• Examines the role of public participation in planning

Impact of WMDEP 

WMDEP students come from all walks of life, from across the United States and around the world.

The courses provide a foundation in wilderness management and offer the skills needed to become a successful wilderness manager, they can help earn credits toward a degree, or they can be taken solely for personal satisfaction. WMDEP students might be seasonal wilderness rangers; interpreters in the national parks; backcountry law enforcement rangers; outdoor educators and teachers; staff members from nonprofit organizations; regional wilderness directors; wilderness fellows; state, county, or municipal park planners; or university students. Some students with permanent positions with federal land management agencies are taking the courses to qualify for a different job series or higher pay grade. Seasonal employees take the courses to make them more competitive for permanent positions.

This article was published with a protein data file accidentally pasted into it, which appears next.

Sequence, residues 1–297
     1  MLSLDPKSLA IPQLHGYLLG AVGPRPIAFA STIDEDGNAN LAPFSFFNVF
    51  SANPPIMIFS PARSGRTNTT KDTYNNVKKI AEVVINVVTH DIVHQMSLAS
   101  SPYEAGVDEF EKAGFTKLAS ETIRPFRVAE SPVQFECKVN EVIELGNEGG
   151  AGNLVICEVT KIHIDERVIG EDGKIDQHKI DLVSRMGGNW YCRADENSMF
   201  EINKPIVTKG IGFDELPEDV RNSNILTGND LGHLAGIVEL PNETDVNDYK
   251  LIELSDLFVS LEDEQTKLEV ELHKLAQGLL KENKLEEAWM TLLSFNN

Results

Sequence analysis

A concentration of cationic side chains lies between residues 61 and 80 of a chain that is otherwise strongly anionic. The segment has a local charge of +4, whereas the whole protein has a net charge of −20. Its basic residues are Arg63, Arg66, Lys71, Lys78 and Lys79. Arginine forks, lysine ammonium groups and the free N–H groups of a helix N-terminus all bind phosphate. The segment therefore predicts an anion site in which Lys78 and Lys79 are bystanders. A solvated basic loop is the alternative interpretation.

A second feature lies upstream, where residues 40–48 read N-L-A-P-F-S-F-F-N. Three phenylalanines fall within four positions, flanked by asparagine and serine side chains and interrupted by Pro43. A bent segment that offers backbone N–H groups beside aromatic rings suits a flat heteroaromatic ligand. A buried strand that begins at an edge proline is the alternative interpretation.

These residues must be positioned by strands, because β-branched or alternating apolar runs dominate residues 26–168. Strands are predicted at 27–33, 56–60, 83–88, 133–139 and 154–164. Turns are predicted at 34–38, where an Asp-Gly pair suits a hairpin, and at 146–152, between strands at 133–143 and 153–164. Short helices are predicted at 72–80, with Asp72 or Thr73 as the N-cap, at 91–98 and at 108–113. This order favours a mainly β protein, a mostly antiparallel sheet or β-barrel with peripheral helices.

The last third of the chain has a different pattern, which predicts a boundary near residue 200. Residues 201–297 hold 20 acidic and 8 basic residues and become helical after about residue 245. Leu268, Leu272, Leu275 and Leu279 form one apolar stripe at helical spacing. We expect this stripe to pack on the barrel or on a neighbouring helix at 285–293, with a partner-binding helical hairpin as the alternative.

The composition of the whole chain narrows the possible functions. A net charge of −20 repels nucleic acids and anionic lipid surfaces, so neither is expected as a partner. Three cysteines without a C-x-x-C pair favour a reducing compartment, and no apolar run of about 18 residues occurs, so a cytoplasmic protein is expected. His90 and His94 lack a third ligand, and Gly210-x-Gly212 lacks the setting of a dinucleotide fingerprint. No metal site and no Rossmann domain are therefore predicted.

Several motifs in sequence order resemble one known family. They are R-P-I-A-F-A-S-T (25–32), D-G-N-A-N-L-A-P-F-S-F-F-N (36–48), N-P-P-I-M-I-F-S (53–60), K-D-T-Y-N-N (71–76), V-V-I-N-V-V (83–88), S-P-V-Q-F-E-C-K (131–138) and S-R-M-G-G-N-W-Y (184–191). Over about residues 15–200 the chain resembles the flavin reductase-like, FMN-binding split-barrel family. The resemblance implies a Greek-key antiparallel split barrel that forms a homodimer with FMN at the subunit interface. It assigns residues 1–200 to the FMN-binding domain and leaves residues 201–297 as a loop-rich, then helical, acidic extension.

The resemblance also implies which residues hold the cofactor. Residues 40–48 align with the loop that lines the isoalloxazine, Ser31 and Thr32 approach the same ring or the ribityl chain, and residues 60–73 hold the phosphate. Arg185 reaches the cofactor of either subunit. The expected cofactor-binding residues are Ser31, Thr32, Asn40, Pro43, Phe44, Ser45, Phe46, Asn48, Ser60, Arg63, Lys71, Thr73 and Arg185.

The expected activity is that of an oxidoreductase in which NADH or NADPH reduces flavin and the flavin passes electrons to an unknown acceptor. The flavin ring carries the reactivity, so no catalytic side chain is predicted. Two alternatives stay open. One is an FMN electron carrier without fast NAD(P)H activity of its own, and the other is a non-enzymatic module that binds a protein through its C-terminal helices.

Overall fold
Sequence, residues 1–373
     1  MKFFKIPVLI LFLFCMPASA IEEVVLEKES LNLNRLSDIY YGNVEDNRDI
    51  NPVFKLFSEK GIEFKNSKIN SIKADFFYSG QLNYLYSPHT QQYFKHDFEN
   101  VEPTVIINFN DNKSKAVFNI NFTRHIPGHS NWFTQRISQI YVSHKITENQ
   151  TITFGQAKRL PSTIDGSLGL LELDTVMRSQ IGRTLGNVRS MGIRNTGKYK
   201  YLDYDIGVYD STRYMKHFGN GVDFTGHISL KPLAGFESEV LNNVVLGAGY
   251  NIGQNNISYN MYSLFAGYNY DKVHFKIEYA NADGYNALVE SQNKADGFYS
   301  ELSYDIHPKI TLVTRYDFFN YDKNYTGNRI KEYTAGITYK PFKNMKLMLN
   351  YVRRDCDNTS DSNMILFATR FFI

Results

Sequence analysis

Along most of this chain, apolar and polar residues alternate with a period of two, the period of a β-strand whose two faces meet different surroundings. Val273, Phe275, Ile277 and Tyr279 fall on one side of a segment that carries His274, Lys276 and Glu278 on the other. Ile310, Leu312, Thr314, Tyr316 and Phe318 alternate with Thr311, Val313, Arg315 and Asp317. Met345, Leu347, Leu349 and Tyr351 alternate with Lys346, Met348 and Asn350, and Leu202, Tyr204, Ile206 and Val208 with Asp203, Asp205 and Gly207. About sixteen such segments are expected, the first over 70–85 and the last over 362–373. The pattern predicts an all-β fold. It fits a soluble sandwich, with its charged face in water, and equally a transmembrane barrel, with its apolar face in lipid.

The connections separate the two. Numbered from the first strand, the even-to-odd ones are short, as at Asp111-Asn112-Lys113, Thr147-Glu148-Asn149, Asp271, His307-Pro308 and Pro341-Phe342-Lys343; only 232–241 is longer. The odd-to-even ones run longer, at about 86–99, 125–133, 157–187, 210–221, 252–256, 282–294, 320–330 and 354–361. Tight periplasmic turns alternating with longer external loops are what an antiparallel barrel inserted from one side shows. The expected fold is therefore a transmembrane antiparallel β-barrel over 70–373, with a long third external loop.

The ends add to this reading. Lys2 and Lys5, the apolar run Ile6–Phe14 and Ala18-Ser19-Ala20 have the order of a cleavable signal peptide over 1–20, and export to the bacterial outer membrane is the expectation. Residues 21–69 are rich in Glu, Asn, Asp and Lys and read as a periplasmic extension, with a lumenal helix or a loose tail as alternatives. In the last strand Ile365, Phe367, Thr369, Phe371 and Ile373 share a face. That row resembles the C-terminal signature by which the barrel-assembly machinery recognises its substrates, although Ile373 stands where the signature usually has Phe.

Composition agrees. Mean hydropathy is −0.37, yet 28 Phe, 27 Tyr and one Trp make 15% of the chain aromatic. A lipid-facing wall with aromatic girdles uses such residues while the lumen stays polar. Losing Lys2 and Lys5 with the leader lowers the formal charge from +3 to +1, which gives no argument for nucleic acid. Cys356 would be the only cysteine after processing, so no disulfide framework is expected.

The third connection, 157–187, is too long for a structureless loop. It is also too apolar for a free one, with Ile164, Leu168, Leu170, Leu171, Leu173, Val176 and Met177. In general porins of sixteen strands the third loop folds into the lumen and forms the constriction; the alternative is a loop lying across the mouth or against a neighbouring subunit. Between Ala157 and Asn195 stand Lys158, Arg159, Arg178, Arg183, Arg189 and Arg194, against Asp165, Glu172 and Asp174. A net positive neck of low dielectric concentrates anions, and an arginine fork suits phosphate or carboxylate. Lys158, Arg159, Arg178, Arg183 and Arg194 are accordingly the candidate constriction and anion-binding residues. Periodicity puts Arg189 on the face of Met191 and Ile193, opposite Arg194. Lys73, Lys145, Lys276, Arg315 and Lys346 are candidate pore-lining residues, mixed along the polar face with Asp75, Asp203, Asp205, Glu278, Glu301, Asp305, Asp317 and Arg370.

The WMDEP courses also offer an educational opportunity for US Forest Service Pathways students, who are required to be enrolled as full-time students in a certificate program. Others are considering a transition into a different career path and are exploring a long-held interest in wilderness. The four WMDEP courses taken for graduate credit also lead to a graduate certificate in wilderness management. Established in 2009, the graduate certificate provides students and professionals with training and expertise to pursue careers in wilderness management. As part of the graduate course requirements, students in the certificate program write research papers that can be submitted as manuscripts to the International Journal of Wilderness and other natural resource professional journals for publication (McKinney 2011). Alumni of the certificate program have reported that the WMDEP courses helped them obtain permanent positions with one of the four US federal land management agencies with wilderness management responsibilities.